Church women in war on drugs
They acted after seeing kids future destroyed
THINT’abafazi, wathinti’imbokodo (you strike the women, you strike
rock). These powerful words stem from the rallying call of South African women during the 1950s, when more than 20 000 racially diverse women from across the country marched peacefully yet determinedly to the Union Buildings in Pretoria to register their displeasure at black women being compelled to carry the humiliating pass books in urban areas, while also expressing their anger at the apartheid regime.
The reference of women as rocks in the rallying call accentuates their importance as society’s pillars of strength, playing pivotal roles throughout history whenever there were evils that needed rooting out.
This time-honoured trend of women being bastions against evil is perfectly reflected by the women of the Methodist Church Orlando Circuit 0912 in Soweto, who told The Star that the drug and other substance abuse they saw in their community was destroying their children and grandchildren’s futures.
In light of this, the women have joined forces with the Anti-Substance Abuse Social Movement campaign, which was launched in December last year to wage war against substance abuse in Gauteng townships, especially among the youth.
The women are signatories of a petition that will be sent to the Justice and Correctional Services Department, asking it to “review the policy on drug suppression and jurisprudence to ensure that the possession of category 1 illicit drugs for the purpose of disposal carries far more severe penalties such as a life sentence and the seizure of property and assets. We also pledge support for the banning of alcohol advertising, as alcohol and cigarettes are the gateway drugs”.
For one of the women, Elizabeth Mahlangu, this fight against substance abuse is personal because she lives with her 36-year-old son, who has been abusing drugs and other substances since he was about 13.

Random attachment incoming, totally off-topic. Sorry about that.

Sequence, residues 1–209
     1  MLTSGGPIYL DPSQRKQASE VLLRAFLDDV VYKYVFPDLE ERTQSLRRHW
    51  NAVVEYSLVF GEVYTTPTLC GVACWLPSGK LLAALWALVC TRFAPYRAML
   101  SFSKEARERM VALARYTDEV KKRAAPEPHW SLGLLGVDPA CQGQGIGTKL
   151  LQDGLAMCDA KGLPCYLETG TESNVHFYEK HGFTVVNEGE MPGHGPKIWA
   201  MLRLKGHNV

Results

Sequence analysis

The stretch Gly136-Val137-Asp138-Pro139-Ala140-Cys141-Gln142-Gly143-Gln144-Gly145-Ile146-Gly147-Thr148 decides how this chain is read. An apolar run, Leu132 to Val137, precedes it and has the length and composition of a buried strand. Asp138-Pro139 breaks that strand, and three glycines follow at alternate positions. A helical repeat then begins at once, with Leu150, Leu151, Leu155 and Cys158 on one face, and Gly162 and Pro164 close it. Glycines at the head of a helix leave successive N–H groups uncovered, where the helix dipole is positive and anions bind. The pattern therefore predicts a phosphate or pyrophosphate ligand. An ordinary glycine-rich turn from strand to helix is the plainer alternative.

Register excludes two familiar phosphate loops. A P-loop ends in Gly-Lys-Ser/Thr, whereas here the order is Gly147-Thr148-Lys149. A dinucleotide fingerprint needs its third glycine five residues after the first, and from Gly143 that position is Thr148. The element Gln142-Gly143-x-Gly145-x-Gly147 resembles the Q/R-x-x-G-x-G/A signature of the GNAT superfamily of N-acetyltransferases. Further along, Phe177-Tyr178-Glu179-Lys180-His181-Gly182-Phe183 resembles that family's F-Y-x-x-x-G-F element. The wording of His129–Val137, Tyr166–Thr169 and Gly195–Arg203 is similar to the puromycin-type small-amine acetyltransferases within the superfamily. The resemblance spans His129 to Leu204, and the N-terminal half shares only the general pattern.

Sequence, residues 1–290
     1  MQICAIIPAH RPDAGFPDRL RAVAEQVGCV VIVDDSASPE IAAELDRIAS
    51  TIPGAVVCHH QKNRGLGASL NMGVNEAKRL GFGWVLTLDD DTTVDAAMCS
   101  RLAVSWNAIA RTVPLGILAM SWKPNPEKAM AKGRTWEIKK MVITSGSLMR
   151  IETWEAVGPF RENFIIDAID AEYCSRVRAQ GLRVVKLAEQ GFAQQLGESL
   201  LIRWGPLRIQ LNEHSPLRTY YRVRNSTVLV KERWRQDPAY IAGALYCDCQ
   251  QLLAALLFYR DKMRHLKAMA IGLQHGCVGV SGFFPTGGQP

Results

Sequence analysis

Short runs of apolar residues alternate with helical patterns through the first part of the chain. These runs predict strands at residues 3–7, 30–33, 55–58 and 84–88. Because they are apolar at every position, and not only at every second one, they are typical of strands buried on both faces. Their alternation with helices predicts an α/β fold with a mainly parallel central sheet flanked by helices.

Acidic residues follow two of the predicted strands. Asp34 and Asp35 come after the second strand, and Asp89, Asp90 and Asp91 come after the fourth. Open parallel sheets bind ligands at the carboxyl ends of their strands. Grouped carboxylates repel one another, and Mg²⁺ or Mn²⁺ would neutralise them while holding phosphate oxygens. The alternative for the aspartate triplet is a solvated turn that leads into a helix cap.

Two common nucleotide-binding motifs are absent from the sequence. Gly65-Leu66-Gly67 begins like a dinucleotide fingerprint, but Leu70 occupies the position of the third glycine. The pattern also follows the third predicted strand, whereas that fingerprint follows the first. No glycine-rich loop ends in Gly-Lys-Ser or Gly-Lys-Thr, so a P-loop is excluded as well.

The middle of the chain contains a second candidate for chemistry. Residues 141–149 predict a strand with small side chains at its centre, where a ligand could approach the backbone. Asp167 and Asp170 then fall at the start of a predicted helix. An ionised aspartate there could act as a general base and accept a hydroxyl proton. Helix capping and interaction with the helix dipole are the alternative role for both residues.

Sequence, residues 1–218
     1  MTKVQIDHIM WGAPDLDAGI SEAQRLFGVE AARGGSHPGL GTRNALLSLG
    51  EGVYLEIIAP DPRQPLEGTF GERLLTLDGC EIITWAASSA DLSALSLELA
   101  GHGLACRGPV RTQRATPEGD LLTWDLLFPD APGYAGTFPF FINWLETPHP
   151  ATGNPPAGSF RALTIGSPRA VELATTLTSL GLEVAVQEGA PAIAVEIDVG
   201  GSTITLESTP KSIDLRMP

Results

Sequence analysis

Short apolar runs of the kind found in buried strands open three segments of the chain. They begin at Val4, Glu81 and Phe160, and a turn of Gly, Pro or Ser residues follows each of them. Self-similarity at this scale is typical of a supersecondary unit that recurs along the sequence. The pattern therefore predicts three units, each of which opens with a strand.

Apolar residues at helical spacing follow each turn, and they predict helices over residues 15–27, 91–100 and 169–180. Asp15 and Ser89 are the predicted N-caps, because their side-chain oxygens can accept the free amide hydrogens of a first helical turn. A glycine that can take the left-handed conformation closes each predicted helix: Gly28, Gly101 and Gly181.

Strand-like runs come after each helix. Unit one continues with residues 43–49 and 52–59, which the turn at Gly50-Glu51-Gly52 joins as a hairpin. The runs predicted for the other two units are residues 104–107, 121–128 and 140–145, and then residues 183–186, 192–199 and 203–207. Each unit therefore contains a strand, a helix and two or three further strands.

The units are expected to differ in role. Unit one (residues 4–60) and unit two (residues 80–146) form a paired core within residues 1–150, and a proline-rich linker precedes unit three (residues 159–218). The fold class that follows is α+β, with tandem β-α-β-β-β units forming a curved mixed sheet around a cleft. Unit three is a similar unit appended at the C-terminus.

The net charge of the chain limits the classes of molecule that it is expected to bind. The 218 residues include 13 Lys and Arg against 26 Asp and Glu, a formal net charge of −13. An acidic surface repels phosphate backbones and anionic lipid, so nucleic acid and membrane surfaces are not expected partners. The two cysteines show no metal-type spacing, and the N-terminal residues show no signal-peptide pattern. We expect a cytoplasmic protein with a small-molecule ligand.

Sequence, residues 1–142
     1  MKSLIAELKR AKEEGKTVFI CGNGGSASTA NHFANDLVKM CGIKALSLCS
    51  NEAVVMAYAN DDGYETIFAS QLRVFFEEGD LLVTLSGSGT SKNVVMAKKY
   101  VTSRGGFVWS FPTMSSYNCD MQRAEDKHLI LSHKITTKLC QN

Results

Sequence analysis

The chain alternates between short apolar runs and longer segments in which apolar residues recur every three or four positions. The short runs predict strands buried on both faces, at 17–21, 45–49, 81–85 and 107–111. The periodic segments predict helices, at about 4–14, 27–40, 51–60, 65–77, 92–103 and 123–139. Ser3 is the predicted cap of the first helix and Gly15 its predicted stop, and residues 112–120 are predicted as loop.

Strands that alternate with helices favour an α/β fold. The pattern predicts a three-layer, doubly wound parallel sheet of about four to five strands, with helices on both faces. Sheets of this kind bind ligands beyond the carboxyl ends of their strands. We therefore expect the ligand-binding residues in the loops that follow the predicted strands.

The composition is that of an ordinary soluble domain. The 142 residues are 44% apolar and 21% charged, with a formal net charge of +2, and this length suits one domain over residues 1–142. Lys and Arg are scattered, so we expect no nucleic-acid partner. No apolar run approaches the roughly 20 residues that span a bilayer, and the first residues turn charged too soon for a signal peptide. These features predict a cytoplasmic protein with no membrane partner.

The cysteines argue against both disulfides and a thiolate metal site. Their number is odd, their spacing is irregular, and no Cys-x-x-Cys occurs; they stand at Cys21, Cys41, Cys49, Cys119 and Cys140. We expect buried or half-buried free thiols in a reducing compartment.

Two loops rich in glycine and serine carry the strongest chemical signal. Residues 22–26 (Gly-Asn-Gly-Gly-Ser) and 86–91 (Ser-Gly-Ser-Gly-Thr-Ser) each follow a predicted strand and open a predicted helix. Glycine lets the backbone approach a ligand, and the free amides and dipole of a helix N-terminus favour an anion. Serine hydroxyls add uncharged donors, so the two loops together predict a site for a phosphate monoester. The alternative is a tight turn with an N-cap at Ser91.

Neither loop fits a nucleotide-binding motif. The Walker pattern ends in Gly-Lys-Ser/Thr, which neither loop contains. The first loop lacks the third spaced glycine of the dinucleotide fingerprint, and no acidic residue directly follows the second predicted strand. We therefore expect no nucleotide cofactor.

Mahlangu said her son started stealing from their home and other people’s homes when he was still in high school, regardless of the fact that she sent him to prestigious schools around Joburg, hoping that a decent education would help set him on the right path – but to no avail.
“He has let up a bit from the stealing but there was a time when he used to steal a lot – not only from us here at home but also from other homes and people within our community. People would come to me many times to complain about his stealing, which is a very painful thing to deal with as a parent – especially as a mother.
“My son becomes a very violent person when he has used drugs – he becomes very dangerous. I believe the drugs have affected his mentality to the point where he can’t tell the difference between what is right and what is wrong.”
Mahlangu, however, did not know the type of drugs her son took. Rather, she said her role was to ensure that other women didn’t feel the same pain she had felt for more than 20 years, while comforting other mothers who were experiencing what she had gone through to let them know they were not alone.
“All mothers going through what I am experiencing need a strong support base. I wish all these people who produce and sell drugs could just stop now because our children are losing their future due to these drugs.
“I still love my son and will never give up hope of him becoming better again. This is why I’m strongly against drug abuse in my community, because I don’t want other mothers to suffer as much as I have suffered.”
Mapula Yende, another member of the Methodist Church, said their petition to the government and the wider substance abuse campaign would not be a lost cause as they were in this fight for the long haul. She said they were going to force the government into action because they were tired of the “sickening acts” that went together with substance abuse.
“Today we have these sickening acts of young men raping their grandmothers because of drugs. We also have our young women and girls being sold to a life of prostitution because of drugs.
“So we are very angry. We want our government to start putting South Africans first.
“If the police do not arrest these druglords, we will have no choice, as women leaders of the community, to take the law into our own hands.”